The wooden floor of the raised area stage was sanded down and stained to make it look more authentic and with the addition of a realistic fire pit surrounded by benches dressed with boar skins, lends itself perfectly as a space for storytelling. As Heorot, the name of the mead-hall in the Anglo-Saxon poem Beowulf, translates as hart or stag which is a male deer. With this in mind, we adorned the back wall of the mead-hall with antlers from out Natural Science collection.
The atmospheric mead-hall created, where do we now site the cases for our most treasured and star items of the gallery – the Staffordshire hoard?
Well, space in the gallery was limited, they needed to make an impact as people walked into the gallery, again the answer came from stories from Anglo-Saxon times – reading stories of the Anglo-Saxons leaving weaponry at the entrance to the mead hall we displayed the sword suites directly to the front of the stage as if they were left at the entrance to the hall, with the other cases surrounding the central case. The recent addition of the reconstructed helmet adds to the grandeur of the central case.
Now to the entrance of the gallery, how do we entice visitors in?
Looking at images showing sentinels at the entrance to a mead hall, was perfect for drawing similarities between this and Katharine Morling’s mythological god figures, an artist’s response to the hoard. Two pieces of Katharine’s work were ideally placed as sentinels at the entrance to the gallery, guarding the treasures inside.
The National Geographic commissioned Daniel Dociu image of the rider fitted in perfectly with the idea that a warrior would come riding from battle to the entrance of the mead hall. So, this was ideally positioned to the entrance of the gallery on the right-hand side.
To the left-hand side, we tell the story of the amazing discovery of the Staffordshire hoard.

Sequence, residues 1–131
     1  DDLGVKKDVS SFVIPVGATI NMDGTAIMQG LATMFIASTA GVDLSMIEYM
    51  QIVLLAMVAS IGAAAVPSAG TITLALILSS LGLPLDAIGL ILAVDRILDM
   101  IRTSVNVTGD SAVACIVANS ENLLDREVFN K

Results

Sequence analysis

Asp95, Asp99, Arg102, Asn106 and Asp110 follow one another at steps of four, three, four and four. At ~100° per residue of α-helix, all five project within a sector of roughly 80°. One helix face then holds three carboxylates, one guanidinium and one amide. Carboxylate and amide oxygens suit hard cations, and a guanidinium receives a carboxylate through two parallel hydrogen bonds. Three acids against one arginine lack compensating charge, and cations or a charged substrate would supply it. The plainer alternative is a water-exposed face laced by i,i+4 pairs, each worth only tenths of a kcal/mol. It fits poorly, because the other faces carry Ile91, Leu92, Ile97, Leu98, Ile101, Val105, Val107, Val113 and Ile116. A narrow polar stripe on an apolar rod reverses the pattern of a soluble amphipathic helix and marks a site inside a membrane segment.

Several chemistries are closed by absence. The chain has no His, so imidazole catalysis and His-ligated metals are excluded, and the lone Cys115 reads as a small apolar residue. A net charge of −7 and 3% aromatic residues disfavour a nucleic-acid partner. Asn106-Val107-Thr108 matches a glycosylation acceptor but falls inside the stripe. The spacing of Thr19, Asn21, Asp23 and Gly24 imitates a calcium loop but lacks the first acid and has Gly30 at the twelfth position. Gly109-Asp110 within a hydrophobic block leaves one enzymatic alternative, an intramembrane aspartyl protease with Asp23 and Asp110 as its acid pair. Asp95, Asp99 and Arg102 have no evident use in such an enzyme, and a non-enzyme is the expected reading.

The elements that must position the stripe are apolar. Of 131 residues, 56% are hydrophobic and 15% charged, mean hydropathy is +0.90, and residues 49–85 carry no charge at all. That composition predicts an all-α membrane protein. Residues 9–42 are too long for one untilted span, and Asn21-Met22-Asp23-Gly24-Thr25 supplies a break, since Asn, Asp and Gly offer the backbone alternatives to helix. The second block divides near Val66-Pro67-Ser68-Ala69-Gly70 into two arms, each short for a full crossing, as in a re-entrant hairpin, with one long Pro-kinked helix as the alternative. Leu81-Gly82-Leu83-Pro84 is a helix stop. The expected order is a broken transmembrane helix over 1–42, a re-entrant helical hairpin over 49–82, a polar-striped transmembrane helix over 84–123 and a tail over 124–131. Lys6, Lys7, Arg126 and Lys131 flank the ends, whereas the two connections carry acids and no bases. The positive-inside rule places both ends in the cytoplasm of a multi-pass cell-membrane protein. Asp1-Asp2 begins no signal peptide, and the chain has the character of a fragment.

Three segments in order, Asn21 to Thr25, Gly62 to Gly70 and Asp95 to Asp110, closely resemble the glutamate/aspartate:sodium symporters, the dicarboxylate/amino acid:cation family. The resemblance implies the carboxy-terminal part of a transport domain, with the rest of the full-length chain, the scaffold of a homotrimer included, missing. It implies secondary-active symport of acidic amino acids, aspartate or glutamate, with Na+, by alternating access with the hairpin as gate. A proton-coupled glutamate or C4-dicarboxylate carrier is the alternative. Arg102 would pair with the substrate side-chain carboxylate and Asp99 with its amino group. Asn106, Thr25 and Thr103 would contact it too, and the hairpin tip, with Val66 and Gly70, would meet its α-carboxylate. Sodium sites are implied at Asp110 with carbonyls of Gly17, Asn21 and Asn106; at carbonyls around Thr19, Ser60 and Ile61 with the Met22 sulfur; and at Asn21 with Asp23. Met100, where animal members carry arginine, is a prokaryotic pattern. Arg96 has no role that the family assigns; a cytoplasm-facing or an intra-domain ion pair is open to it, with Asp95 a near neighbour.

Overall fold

Who were the Anglo-Saxons?
To put them into context, on one of the walls we added a very long timeline, showing what was happening nationally and locally around the Anglo-Saxon period and the time we believe the hoard was buried. A map on the wall shows the extent of the Kingdom of Mercia.
The Hoard is believed to be mainly warrior treasure, but what was life like for the everyday people? Around the gallery from left to right we tell the story of Anglo-Saxon Everyday Life and death, using objects from our collections.
Our younger visitors can dress up as an Anglo-Saxon and have their photo taken next to our popular mannequin (which the museum staff have affectionately nicknamed Sean Bean!) and find out how to train to become an Anglo-Saxon warrior. There is a replica of a grave excavated at Stapenhill on the Staffordshire-Derbyshire border. The woman in it was buried with goods including beads, brooches and a spindle whorl, so she was probably quite wealthy.
Throughout the gallery there are a series of iPads and a touch table giving further information and short film clips about the hoard, and the exterior of the gallery also focuses on the ongoing conservation and research into the hoard.
Once again J. R. R. Tolkien takes inspiration from Beowulf in his novel The Hobbit, where both talk of a dragon guarding its hoard.
Finally, we continued this ideology on through a photographic image of the entrance to Thor’s Cave (in the Manifold Valley), where you can catch a glimpse of another of Katharine Morling’s mythological figures whilst watching a short film entitled ‘The Last Dragon Hunter’.
Made especially for the museum the film is a story about a young Saxon boy who runs away following his father’s death in battle, and embarks on an exciting journey filled with tales of warriors, gods and monsters.’
We hope you have enjoyed the insight into Designing a gallery Fit for warrior treasure and hope you will be able to visit us soon, where items from The Staffordshire Hoard remain on permanent display in our Anglo-Saxon Kingdom of Mercia Gallery.
Helen Cann, Design Services Officer,
The Potteries Museum & Art Gallery